In 2002, Warringah Shire was divided into: A Ward – included the Oxford Falls, Cromer, Collaroy, and Narrabeen areas; B Ward – included the Harbord, Manly Vale, Seaforth, Freshwater, and Curl Curl areas; C Ward – geographically the largest area and included Terry Hills, Frenchs Forest, Davidson, Duffy’s Forest, and Belrose.(16)
In 2002, Warringah Council maintained the following committees:
Governance Committee – considered matters relating to the Governance and Corporate Units of the Council’s Public Office Group
Strategy Committee – considered matters relating to Policy, Planning and Commissioning Unit, and Strategic Land Use Planning Unit, and deals with matters relating to Council policies and strategic direction
Services Committee – considered matters relating to three Units from the Council’s Service Group (Community and Cultural, Environmental Management, and Construction and Maintenance)
Local Approval Committee – considered matters relating to the Local Approvals Service Unit including applications for rezoning, development, building and subdivision of land.(17)
Warringah Council consisted of the following Service Units in 2002: Governance; Corporate; Local Approvals; Policy, Planning and Commissioning; Startegic Land Use and Planning; Community & Cultural; Environmental Management; Construction & Maintenance.(18)
1. NSW Government Gazette No.121, 7 March 1906, p1637; Lambley, DB, A Key to the Historical Geography of Local Government Areas in New South Wales, Geographical Society of NSW and the NSW Department of Local Government, Sydney, 1989, p50.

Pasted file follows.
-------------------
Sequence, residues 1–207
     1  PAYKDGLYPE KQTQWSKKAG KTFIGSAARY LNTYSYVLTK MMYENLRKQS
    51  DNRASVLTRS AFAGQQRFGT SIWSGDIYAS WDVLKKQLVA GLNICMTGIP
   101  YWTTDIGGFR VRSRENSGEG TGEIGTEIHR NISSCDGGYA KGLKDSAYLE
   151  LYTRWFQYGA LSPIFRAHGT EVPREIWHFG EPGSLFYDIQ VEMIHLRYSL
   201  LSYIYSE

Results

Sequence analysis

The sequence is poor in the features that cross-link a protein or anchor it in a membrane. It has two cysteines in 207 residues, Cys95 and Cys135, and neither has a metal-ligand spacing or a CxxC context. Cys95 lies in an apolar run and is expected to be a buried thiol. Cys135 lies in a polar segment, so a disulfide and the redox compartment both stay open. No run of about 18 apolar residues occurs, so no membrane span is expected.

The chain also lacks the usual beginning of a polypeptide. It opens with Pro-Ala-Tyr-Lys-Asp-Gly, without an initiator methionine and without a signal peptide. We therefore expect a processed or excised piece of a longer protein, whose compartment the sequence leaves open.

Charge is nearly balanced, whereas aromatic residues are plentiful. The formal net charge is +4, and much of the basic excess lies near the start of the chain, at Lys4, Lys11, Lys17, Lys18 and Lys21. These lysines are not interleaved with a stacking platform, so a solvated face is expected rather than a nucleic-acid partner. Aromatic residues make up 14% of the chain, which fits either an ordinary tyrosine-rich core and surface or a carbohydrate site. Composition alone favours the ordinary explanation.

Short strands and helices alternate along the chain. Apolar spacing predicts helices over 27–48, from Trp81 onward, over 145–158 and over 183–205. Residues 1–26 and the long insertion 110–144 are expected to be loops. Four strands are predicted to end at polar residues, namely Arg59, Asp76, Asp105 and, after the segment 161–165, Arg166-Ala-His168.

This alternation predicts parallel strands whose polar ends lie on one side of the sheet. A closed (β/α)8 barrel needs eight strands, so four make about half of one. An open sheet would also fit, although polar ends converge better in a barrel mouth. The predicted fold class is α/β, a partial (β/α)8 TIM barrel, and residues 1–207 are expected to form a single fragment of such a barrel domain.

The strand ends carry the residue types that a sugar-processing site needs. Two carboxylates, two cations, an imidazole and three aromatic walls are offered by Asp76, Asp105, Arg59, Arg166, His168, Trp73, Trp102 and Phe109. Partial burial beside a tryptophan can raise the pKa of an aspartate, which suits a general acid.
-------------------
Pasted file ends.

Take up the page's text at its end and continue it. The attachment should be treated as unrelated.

2. A short description of the History of Warringah, located on Warringah Council’s website at www.warringah.nsw.gov.au/lstudies.htm, accessed on 30/10/2003.
3. Local Government (Shires) Act 1905 (Act No.33, 1905), section 7.
4. A short description of the History of Warringah, located on Warringah Council’s website at www.warringah.nsw.gov.au/lstudies.htm, accessed on 30/10/2003.
5. NSW Government Gazette No.235, 3 October 1906, p5590.
6. A short description of the History of Warringah, located on Warringah Council’s website at www.warringah.nsw.gov.au/lstudies.htm, accessed on 30/10/2003.
7. loc. cit.
8. For a full description of Warringah’s boundaries see NSW Government Gazette No.121, 7 March 1906, p1637.
9. NSW Government Gazette No.121, 7 March 1906, p1637; NSW Government Gazette No.4, 7 January 1914, p42.
10. NSW Government Gazette No.87, 15 June 1917, p3016.
11. NSW Government Gazette No.119, 4 August 1933, pp2883-2885; NSW Government Gazette No.191, 17 November 1933, pp4044-4048.
12. NSW Government Gazette No.159, 19 August 1949, p2452; NSW Government Gazette No.64, 1 July 1955, p1792.
13. A short description of the History of Warringah, located on Warringah Council’s website at www.warringah.nsw.gov.au/lstudies.htm, accessed on 30/10/2003.
14. See Agency No.3488.
15. Report of the Energy Authority of New South Wales for the year ending 30 June, 1980, p29.
16. Warringah Council Annual Report 2001-2002, p8.
17. ibid., p10.
18. loc. cit.